Journalist: Frances Wilkinson | Editor: Anjali Boyd | Photographer: Margaret Balliet
Scientific outreach is an umbrella term for the plethora of activities put on by universities, museums, and other scientific institutions to educate the general public on scientific topics and issues. These activities range from Keynote presentations on climate change to engaging middle school students in shark dissection to discussing Nobel prizes over brunch. The public’s awareness of and engagement in the scientific community are what keep science alive; without public concern, issues lack the exposure and momentum they need to catalyze change and brilliant breakthroughs are lost before they’re able to form fully.
Blaide Woodburn ’17 and Daniel Chapman ’17 are well aware of this. The two seniors decided to start Eckerd’s own Science Outreach Club (SOC) to get the campus community on board with the idea of outreach as well. “We wanted to make a club that would try and bridge the gap between the public’s perception of scientific research and what’s actually going on in scientific research.” said Chapman.
The club’s mission is to educate the Eckerd community about the latest and greatest achievements in the STEM fields through presentations. Eventually, they want to expand into the greater St. Pete community , but for now, their main focus is on Eckerd’s inhabitants.
“We plan to get the Eckerd community involved and understanding the latest developments in the STEM field.” Woodburn said. “So for example, CRISPR/Cas9, genome editing, we want that to be very accessible to the public. But the next step is going out into the greater St. Petersburg area and doing scientific outreach in that way,”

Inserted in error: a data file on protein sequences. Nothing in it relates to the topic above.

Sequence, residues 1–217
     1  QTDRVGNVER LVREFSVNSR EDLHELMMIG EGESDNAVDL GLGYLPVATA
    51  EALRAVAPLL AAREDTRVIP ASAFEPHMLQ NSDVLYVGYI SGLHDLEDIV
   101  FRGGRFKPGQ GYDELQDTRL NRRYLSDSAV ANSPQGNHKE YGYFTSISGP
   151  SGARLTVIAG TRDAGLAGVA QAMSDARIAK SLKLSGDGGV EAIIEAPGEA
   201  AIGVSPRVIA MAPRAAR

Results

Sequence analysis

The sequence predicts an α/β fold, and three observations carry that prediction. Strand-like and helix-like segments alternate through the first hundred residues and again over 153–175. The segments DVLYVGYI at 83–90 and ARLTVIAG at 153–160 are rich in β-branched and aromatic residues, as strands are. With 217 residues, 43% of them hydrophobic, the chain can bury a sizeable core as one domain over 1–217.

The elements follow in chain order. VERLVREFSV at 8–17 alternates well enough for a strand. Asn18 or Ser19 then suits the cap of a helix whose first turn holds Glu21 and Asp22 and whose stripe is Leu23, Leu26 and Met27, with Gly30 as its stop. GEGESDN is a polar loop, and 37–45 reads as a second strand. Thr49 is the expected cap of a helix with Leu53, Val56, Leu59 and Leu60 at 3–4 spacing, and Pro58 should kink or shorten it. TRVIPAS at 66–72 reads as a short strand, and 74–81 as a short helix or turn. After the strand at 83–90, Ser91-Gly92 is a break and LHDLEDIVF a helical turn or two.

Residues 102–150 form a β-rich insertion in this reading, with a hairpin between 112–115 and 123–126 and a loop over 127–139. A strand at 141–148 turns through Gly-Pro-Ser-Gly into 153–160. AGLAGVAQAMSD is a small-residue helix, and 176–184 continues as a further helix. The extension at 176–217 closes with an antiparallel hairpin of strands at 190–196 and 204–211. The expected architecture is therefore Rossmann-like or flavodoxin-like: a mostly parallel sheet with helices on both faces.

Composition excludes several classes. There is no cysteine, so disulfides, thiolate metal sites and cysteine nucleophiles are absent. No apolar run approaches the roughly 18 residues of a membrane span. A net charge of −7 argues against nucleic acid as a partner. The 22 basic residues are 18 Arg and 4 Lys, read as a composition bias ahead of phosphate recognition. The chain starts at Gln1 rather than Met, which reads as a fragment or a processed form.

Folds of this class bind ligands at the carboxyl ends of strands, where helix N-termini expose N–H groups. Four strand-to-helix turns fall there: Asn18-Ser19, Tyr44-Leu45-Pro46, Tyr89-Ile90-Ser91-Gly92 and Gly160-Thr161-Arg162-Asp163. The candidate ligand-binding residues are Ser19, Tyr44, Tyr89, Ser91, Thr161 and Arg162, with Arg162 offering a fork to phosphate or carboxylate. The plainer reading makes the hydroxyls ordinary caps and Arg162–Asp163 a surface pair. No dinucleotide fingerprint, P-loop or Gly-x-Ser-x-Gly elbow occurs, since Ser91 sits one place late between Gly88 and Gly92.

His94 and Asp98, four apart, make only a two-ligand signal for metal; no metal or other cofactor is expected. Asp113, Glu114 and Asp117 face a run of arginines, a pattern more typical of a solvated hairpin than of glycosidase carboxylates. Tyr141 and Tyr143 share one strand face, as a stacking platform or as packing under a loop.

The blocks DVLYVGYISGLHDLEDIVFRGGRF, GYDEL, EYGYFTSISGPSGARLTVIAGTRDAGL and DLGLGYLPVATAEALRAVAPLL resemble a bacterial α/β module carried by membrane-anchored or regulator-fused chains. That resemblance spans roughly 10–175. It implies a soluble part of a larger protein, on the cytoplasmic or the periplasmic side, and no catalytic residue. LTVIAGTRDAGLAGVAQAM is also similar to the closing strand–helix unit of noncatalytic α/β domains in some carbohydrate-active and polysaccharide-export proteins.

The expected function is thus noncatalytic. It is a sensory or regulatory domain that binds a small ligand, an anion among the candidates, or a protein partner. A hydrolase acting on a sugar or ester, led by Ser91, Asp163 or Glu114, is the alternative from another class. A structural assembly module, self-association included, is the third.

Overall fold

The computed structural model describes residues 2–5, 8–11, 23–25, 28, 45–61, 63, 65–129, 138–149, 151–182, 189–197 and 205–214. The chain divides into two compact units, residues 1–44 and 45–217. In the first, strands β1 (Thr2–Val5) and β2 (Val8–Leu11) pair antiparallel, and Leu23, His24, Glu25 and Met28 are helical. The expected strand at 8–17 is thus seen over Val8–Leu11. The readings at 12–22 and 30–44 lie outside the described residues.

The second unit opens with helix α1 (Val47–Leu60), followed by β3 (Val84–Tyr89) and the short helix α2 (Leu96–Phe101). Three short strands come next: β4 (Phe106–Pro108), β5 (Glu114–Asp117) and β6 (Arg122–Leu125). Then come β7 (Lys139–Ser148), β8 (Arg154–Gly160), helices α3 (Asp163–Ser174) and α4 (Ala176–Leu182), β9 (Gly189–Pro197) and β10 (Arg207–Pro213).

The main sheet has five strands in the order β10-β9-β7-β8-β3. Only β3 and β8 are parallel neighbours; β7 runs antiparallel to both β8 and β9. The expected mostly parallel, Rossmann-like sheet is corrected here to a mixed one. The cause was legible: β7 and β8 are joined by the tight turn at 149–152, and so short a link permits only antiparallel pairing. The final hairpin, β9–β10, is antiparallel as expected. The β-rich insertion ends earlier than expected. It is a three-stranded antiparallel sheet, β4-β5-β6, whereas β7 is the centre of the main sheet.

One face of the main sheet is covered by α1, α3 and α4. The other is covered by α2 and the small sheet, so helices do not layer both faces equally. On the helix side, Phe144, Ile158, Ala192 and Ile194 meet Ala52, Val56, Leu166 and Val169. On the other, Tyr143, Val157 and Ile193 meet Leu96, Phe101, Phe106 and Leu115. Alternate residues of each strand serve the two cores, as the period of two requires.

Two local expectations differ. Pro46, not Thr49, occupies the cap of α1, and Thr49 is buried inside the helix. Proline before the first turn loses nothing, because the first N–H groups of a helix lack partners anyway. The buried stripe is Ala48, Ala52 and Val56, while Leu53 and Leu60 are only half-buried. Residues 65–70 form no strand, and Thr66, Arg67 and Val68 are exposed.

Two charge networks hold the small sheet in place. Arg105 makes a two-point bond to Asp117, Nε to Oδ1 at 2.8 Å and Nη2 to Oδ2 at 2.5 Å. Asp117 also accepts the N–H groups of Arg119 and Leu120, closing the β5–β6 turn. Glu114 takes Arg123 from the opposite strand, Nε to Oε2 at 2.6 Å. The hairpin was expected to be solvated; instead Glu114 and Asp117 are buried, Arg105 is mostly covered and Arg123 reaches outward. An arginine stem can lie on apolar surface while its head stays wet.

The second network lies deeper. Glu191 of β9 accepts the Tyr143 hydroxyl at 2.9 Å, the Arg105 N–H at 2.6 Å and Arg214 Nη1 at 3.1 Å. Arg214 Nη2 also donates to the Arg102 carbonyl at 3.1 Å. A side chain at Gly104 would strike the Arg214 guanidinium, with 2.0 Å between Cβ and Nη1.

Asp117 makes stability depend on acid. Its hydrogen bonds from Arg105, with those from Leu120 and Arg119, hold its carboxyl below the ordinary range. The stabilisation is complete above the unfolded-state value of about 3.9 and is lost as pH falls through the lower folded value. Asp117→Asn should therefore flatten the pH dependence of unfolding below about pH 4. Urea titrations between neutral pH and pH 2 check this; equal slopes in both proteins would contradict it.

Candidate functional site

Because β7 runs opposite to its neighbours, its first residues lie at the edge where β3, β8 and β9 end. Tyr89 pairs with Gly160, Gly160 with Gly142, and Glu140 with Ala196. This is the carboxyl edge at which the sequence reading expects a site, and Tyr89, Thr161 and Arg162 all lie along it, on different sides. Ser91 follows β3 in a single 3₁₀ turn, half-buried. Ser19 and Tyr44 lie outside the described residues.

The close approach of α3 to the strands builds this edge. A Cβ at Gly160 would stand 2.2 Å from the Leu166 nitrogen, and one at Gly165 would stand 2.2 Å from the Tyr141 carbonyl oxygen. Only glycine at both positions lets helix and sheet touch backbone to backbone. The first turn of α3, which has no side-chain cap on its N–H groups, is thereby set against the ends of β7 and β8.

The club is eager to get people to share scientific knowledge and to help keep others informed on the latest news in science. In order to do that, their monthly meetings also serve as a low-stress environment where students can practice their public speaking skills.
“The goal of this club is to promote people in speaking about science in an accessible way.” Woodburn said. “It’s not just going to Dr. [Liza] Conrad and Dr. [Lisa] Bonner and Dan and I giving all the presentations. We want people to come in and feel comfortable talking to the general public about science, so that’s a skill we’re trying to hone in on.”
Their main event this semester will be a Nobel Brunch with members of The Academy of Senior Professionals at Eckerd College (ASPEC). The club will discuss the most recent Nobel prizes in science and facilitate a conversation on where the attendees see science taking these accomplishments in the future. The biggest challenge to the event will be to unpack the more technical scientific lingo in a thorough way that doesn’t compromise the overall meaning. “Nobody is going to be excited about something they can’t understand. You can go on Pubmed and search cancer and a million things will pop up, but if you run into a bunch of science jargon, you’re going to get discouraged,” Woodburn said. “We want to make science accessible so anybody can be interested in science.”
If you attend a SOC meeting, you’ll notice Chapman and Woodburn in some very colorful ankle attire. The founding members wanted to add a little flair to each meeting, and their hope is to have the crazy socks become the trademark of the club. The socks also serve as a reminder to the members that the sciences (and socks) don’t have to be dull and incomprehensible.
“The club is open to all majors.” explains Woodburn. “If you come to these meetings, but you're not a science major, and you're learning about science, that's going to help do exactly what we set out to do. This is definitely not a club for just science majors.”
Want to stay up-to-date or get involved? Email Blaide Woodburn or Daniel Chapman for more information.